Frisk folded her arms and her legs. Sans deserved his family. Yes. She deserved hers too though. Trying to remain patient. He does not make it easy.

“Momsy?” Juleyard asked aloud. “When do we get to see our grandparents? Why does everyone keep pulling us away?”

Before Frisk could say anything to him, Sans came in with his own reply. “Because I’m better at taking care of you than they are.” He gestured to Frisk. “I mean, just look at your mom. They let her wander around barriers, lose her for years on end, get her back and lose her all over again.”


Ow. That shouldn’t have happened. Sans was the one driving, how was that able to happen? The kids were fine, instinct took over to protect them before they were sent forward. Usually the deal with little ones, and from the force that must have stopped him, a definite instinct. Yet, it was still hard to believe. Frisk’s inner monster power that she had received from Flowey had made itself known. First, by holding the kids in place, by the car literally slamming to a stop, and her own door opening so violently, it almost broke. After she stepped out, Sans knew he had a not so fun time ahead of him. “Be right back kiddos.” He got out of the car and went toward the angered Frisk.

Step by step. Say something nice. Say something that wouldn’t get him killed. “Hey.” There, that was good.

“How dare you say that my parents weren’t any good!” Frisk went off on him. “You don’t even know them, and you have to point something that vicious out to them?” Her arms and body moved violently around, not knowing whether she was coming or going. “I snuck off in the middle of the night of a safe resort, that wasn’t their fault. I’m the one who did that without their consent, I’m the one to blame! And-and afterwards, they were trying to keep such a close eye on me, they couldn’t have prevented me from being taken again! They tried, they put so many restrictions on me!” She gestured back to herself. “I’m the one to blame, not them. Not them.”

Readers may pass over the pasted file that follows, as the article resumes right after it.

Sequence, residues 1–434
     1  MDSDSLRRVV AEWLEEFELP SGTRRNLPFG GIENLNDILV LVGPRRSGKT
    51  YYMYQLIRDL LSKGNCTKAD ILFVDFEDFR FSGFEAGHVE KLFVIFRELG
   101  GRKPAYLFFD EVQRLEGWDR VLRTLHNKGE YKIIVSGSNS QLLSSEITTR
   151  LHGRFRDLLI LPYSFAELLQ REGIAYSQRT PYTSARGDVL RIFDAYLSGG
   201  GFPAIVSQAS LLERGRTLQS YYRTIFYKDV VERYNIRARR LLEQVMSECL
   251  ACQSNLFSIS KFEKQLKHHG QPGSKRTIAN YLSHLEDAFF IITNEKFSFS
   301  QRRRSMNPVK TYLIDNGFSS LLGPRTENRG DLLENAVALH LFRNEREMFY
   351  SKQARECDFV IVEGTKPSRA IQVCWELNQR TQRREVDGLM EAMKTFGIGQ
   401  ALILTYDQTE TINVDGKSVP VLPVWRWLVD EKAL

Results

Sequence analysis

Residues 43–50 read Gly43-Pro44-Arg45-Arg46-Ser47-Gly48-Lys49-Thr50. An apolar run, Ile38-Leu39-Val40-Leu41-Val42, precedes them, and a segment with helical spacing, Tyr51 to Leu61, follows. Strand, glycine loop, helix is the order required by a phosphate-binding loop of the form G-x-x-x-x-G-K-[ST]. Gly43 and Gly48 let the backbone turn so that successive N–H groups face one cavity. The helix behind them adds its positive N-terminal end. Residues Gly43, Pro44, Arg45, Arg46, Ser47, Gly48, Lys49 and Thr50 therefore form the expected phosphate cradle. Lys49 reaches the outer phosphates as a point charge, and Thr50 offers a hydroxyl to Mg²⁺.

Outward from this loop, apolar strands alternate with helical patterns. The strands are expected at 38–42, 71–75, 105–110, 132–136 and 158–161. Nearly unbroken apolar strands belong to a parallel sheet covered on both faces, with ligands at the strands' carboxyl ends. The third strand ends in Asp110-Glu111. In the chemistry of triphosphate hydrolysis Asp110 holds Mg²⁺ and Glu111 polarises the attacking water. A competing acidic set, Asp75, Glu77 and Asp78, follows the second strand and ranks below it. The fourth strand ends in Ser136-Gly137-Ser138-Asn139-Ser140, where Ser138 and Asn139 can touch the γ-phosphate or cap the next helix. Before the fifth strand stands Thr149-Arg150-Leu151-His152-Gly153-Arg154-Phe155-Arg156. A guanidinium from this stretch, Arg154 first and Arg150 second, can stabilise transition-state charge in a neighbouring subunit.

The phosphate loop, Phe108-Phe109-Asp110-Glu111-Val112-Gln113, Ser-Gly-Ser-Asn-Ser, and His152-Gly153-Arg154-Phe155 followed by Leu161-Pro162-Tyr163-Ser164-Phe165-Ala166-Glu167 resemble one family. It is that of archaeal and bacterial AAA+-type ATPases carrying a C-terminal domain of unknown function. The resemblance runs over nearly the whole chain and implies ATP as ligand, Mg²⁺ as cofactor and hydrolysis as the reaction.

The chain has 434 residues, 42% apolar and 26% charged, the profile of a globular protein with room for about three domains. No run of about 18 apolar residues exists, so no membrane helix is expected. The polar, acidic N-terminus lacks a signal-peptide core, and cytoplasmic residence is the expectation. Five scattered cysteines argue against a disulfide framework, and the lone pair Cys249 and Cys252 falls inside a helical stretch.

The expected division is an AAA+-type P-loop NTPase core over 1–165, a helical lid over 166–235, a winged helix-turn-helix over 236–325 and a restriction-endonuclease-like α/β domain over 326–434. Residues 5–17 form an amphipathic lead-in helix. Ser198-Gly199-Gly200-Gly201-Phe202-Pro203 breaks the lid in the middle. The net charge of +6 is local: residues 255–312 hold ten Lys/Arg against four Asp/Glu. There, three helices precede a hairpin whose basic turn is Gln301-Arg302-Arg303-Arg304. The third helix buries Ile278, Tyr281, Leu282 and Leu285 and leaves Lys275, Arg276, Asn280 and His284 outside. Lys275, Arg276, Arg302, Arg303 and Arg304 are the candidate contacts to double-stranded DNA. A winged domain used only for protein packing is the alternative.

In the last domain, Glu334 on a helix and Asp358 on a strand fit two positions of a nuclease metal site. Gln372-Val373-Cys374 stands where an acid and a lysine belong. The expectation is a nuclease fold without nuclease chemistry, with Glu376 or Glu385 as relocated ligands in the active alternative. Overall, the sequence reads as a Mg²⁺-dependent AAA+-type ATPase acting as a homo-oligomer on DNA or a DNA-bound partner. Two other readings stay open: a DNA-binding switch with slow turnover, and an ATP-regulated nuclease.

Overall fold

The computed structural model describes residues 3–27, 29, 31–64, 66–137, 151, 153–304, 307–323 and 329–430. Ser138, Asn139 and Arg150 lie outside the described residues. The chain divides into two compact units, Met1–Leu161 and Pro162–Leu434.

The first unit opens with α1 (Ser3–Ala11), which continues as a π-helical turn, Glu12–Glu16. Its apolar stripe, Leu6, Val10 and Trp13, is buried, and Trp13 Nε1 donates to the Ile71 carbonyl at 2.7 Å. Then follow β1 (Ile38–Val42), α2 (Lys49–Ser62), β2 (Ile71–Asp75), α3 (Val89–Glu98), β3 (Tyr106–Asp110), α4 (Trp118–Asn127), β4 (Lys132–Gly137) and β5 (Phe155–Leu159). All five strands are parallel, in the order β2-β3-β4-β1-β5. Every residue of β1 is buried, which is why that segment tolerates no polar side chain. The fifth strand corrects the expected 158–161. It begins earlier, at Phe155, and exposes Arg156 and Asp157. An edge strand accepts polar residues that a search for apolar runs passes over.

Oh. Bad. Shit. She’s crying. “I wasn’t . . .” Damn. Feelings weren’t exactly his cup of tea. “I thought of how I could use the question to make me look good.” Better be honest, whether it made him look shitty or not. “You’re right, I don’t even know them. I don’t want them to have ammunition against me.” On instinct, he glanced toward her stomach. “It shouldn’t have happened this way.”

“Well, who’s the one to blame for that?” Frisk wasn’t going to be kind about the whole thing. He ripped her parents a new one with the kids, and it was clearly an area he wouldn’t be able to use. “I never said ‘split me back up’!”

Sans rubbed his chin bone. He wasn’t doing too hot with her now. Before, it hadn’t really mattered how he treated her when she was just a kid cruising through the Underground. It didn’t matter before when he had to go fetch her for King Asgore. It didn’t even really matter when he was visiting his ‘bros’ because he wasn’t there visiting her, so there wasn’t anything to get into a tizzy over.

In the Underground, when Sans stepped too far, Papyrus helped him out. Either apologizing, or just scolding him and going on. “I miss Papyrus.” It slipped out before he could say anything about it to her. “Come back to the car.” She was shirking though. Visibly hurt. “I don’t always think before I talk,” he admitted to her. “Better get used to it.” Nope, too rough. “I mean.”